Steve Coulter comes across painstakingly argued theories but is not convinced by Paul Pierson and Jacob S. Hacker’s account of America’s wealth distribution. A fascinating and absorbing book on a very important subject.
Winner-Take-All Politics: How Washington Made the Rich Richer And Turned Its Back on the Middle Class. Paul Pierson and Jacob S. Hacker. Simon & Schuster. 2010.
The US is the world’s richest country, and also a vibrant democracy. So why have American voters tolerated the diversion of a huge portion of the wealth created in the last 30 years to the already super-rich?
The share of income earned by the top 1 per cent increased from 8 per cent in 1974, to more than 18 per cent in 2007. The really startling thing is that the share of the top 0.1 per cent has grown from 2.7 per cent to 12.3 per cent in the same time, while the richest 15,000 families constituting the top 0.01 per cent each now earn more than $35m a year.
At the same time, real incomes of the working and middle classes have stagnated or declined. For all but a tiny minority it appears, the American dream has stalled. Are Americans indifferent to extreme inequality, or is there something wrong with the democratic process that hinders attempts to alter the institutions which regulate reward?
In Winner-Take-All Politics, Paul Pierson of Berkeley and Jacob Hacker of Yale make the latter argument, although they do acknowledge the importance of the ‘culture wars’ in shaping the non-materialist voting preferences of many Americans. Their work examines changes in interest group politics since the 1970s and how business and financial elites have allegedly rigged the system to ensure they benefit from globalisation at the expense of the rest – or how America has changed from ‘Broadland’ to ‘Richistan’, as they put it.
Interest group politics, rather than electoral politics, are critical because decisions about how wealth is created and distributed are not taken at the ballot box. Instead they have occurred behind the scenes. There are two main reasons for this.
First is the importance of ‘drift’ in policymaking. It is not necessary for the beneficiaries of globalisation to actively press for reforms to regulatory and tax policies that will let them keep their spoils – all they have to do is block changes that might alter the fiscal and economic environment which has increasingly tilted in their favour. This hands them a massive positional advantage. For Washington politics, with its plethora of veto points or ‘checks and balances’ as the Founding Fathers might have put it, automatically favours the status quo. In other words, it’s the politics, not the economy, stupid.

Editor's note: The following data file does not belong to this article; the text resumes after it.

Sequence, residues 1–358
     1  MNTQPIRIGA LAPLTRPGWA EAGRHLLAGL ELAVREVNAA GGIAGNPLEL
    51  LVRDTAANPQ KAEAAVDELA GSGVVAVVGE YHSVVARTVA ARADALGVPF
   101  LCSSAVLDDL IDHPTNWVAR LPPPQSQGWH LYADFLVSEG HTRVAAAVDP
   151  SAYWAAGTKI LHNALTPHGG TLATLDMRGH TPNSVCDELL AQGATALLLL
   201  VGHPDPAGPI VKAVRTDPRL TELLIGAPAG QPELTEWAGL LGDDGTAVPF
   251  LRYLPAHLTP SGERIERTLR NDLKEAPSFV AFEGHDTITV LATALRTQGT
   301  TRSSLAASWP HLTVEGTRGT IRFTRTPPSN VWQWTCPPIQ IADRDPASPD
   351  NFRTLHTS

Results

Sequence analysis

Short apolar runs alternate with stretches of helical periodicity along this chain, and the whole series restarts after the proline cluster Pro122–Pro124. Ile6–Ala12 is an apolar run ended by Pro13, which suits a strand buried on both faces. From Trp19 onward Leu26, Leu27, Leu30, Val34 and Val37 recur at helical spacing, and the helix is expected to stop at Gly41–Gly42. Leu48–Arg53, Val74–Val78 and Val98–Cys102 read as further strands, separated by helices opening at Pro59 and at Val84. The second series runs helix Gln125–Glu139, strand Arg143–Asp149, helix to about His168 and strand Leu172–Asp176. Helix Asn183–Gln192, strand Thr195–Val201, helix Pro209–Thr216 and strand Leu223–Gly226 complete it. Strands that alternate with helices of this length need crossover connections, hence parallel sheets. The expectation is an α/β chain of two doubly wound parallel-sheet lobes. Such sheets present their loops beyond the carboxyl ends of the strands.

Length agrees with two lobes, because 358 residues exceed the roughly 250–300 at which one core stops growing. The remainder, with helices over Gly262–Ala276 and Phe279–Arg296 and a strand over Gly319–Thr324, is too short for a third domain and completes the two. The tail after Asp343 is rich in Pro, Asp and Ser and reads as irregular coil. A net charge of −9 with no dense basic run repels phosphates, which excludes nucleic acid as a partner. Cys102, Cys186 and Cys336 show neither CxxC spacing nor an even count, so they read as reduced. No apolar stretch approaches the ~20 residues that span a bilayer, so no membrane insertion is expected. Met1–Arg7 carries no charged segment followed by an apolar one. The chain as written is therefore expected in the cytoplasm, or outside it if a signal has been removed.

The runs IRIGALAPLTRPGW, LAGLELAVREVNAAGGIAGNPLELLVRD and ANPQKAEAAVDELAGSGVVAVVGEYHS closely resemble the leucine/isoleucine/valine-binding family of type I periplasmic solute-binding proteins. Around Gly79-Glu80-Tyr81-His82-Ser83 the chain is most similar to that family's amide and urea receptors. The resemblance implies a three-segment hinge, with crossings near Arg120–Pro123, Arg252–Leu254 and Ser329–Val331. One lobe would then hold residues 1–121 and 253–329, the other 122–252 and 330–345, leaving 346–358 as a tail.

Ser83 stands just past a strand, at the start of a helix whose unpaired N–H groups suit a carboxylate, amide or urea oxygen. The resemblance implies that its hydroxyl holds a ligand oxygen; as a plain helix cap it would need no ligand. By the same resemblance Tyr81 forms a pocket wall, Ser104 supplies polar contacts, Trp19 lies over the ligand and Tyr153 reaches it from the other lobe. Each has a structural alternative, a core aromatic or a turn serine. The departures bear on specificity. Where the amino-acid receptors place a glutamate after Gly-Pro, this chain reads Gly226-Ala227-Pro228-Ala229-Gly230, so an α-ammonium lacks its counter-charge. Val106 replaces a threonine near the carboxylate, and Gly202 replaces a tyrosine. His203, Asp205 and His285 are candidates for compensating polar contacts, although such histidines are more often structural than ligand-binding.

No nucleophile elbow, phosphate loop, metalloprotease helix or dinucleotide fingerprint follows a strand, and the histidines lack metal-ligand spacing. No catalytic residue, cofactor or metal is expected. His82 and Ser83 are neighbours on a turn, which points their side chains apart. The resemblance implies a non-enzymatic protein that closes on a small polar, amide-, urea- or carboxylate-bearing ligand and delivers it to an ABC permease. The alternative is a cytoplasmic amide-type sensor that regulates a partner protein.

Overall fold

Second, business and financial lobbyists have become formidably well organised and they hedge their bets by funding both Democrat and Republican politicians. This lobbying onslaught began as a reaction to the creation of the Great Society and the social liberalism of the 1960s, and in particular to counter the then powerful influence of trade unions.
This is a persuasive thesis, which explains much. It is also painstakingly and convincingly argued, with a wealth of detail that may numb those who aren’t obsessive about American Congressional politics. But it’s also a little too neat. It doesn’t really explain how Obama, having got himself elected President (the easy part, apparently) is now enacting healthcare and other reforms (the bit Pierson and Hacker say should be impossible). The best they can do is explain that dire circumstances may concentrate the minds of lawmakers enough to get them to undo some of the deregulatory harm and curb Wall Street. So they’re not that impotent after all, then?
The authors also have an annoying need to express almost every idea in terms of a movie story, as though readers interested in the intricacies of lobbying structures will not be able to grasp what they’re being told unless it’s conveyed as akin to the plot of Basic Instinct.
These flaws aside, this is a fascinating and absorbing book on a very important subject.
This review was originally published on the LSE British Politics and Policy blog on May 1st 2011.
Steve Coulter is Senior Economics and Business Analyst for BBC News, and writes regularly for the BBC News website on UK economic policy. He is also an Associate Fellow of the Social Market Foundation think tank and wrote the SMF’s recent paper on industrial policy, Manufacturing Prosperity. He is currently working on a project on the media’s coverage of the financial crisis with the Journalism School of City University. Steve received his PhD in European Political Economy from the LSE’s European Institute.